Managing Director

Deputy Managing Director

Senior Executive Vice President

Senior Vice President

Vice President

Senior Assistant Vice President

Assistant Vice President

Senior Principal Officer

Principal Officer

Executive Officer

Junior Officer

Assistant Officer
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Chapter: Three

Human Resource Management

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Human resource management of EXIM Bank


Human resource is the fundamental asset of the organization. Human resource
approach is concerned with the growth and development of people toward higher
level of competency, creativity and fulfillment. Therefore, human resources
development has been given its due importance in an environment that values
performance, teamwork, fairness and integrity, it has both qualitative and quantitative
dimension. EXIM Bank recognizes that intellectual capital is the most important asset
for a financial institution.
Without proper and efficient human resources, no organization can run its
operations. The bank believes that the professional competence bank personnel and
its commitment for accomplishing assigned responsibilities are a first line of defense
to prevent irregularities.
The objectives of Human Resource management of EXIM Bank are as follows:
Conducting job analysis
Planning employee needs and recruiting job candidates
Selecting of candidates
Orienting and training new employees
Managing wages and salaries (Compensating Employees) and benefits
Appraising performance
Communicating (interview, counseling, disciplining)
Training and developing managers
Building employee commitment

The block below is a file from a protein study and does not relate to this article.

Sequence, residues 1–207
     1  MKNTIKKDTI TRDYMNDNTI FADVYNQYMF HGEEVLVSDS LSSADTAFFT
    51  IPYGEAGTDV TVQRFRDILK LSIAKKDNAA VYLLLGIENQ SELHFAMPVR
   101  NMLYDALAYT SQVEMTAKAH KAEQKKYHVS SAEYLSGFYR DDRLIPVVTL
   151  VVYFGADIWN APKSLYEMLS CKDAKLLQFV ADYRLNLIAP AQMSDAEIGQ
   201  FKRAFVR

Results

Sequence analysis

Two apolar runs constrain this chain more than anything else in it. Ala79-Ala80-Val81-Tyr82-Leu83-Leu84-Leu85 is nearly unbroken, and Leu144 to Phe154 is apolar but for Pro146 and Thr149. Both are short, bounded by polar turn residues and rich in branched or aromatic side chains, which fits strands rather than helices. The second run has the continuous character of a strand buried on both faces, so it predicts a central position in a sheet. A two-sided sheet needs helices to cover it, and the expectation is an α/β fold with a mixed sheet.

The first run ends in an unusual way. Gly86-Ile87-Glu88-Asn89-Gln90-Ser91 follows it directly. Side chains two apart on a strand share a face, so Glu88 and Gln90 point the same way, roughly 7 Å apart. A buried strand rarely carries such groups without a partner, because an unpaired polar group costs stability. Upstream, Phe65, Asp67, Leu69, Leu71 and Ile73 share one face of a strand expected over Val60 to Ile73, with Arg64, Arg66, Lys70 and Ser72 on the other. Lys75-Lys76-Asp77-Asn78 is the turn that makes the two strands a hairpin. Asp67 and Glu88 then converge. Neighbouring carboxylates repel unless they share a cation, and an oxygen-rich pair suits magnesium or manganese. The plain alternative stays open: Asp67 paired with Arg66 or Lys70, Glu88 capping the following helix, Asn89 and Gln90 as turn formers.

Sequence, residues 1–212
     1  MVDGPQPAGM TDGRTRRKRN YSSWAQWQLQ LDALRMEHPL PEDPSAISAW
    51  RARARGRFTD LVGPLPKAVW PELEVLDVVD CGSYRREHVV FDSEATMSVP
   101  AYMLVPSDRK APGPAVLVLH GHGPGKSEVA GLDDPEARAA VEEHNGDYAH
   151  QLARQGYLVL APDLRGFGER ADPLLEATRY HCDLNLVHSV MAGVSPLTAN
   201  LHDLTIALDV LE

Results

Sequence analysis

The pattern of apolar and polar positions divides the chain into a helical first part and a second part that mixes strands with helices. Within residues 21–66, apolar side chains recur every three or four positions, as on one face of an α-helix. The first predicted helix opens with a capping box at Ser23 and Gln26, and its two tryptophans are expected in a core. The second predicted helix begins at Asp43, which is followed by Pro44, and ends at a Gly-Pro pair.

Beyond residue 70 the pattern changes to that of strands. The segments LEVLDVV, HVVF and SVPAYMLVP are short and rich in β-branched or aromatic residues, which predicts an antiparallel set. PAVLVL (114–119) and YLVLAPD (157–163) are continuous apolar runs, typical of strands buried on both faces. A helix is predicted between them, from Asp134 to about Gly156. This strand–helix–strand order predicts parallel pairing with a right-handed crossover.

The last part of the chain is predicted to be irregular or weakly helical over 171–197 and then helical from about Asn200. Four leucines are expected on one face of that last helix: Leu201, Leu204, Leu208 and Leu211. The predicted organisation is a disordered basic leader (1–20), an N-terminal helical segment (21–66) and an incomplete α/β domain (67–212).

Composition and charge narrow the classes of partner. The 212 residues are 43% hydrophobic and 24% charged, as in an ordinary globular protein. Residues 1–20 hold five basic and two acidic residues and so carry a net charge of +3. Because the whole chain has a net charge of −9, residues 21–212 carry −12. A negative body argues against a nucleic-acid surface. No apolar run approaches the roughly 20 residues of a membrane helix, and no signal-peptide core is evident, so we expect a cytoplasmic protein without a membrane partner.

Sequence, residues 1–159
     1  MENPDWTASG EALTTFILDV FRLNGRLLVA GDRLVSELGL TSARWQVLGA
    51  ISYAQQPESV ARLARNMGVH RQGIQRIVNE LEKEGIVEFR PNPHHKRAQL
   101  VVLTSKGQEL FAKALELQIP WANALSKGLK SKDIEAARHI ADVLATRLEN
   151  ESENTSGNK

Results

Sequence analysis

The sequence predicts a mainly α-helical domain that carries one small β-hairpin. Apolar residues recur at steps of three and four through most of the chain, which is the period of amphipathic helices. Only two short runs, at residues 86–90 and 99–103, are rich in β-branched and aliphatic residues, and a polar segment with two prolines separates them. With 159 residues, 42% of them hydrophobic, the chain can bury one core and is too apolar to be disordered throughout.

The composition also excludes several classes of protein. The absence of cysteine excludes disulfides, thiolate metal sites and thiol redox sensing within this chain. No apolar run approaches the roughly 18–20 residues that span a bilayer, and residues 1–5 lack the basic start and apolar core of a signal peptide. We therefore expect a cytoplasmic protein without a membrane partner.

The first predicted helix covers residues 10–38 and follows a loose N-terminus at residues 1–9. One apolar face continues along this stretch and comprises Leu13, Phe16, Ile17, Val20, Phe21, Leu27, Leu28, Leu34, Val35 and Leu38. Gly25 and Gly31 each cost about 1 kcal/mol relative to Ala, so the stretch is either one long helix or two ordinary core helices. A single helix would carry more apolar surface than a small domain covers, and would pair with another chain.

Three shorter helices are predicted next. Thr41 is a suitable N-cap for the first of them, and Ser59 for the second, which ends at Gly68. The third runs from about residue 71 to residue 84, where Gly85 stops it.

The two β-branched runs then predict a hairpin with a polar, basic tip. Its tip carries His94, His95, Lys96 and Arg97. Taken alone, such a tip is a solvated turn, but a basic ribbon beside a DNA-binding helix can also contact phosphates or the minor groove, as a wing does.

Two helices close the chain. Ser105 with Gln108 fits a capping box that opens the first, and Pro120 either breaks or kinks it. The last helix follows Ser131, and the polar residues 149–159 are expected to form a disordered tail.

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Compensation :
Compensation is a systematic approach to providing monetary value to employees in
exchange for work performed. Compensation may achieve several purposes
assisting in recruitment, job performance, and job satisfaction.
Compensation the methods and practices of maintaining balance between interests
of operating the company within the fiscal budget and attracting, developing,
retaining, and rewarding high quality staff through wages and salaries which are
competitive with the prevailing rates for similar employment in the labor markets.
Todays compensation systems have come from a long way. With the changing
organizational structures workers need and compensation systems have also been
changing. From the bureaucratic organizations to the participative organizations,
employees have started asking for their rights and appropriate compensations. The
higher education standards and higher skills required for the jobs have made the
organizations provide competitive compensations to their employees.

Compensation strategy is derived from the business strategy. The business goals
and objectives are aligned with the HR strategies. Then the compensation committee
or the concerned authority formulates the Compensation strategy. It depends on both
internal and external factors as well as the life cycle of an organization.

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Evolution of Strategic Compensation

Traditional Compensation Systems


In the traditional organizational structures, employees were expected to work hard
and obey the bosses orders. In return they were provided with job security, salary
increments and promotions annually. The salary was determined on the basis of the
job work and the years of experience the employee is holding. Some of the
organizations provided for retirement benefits such as, pension plans, for the
employees. It was assumed that humans work for money, there was no space for
other psychological and social needs of workers.
Change in Compensation Systems
With the behavioral science theories and evolution of labor and trade unions,
employees started asking for their rights. Maslow brought in the need hierarchy for
the rights of the employees. He stated that employees do not work only for money
but there are other needs too which they want to satisfy from their job, i.e. social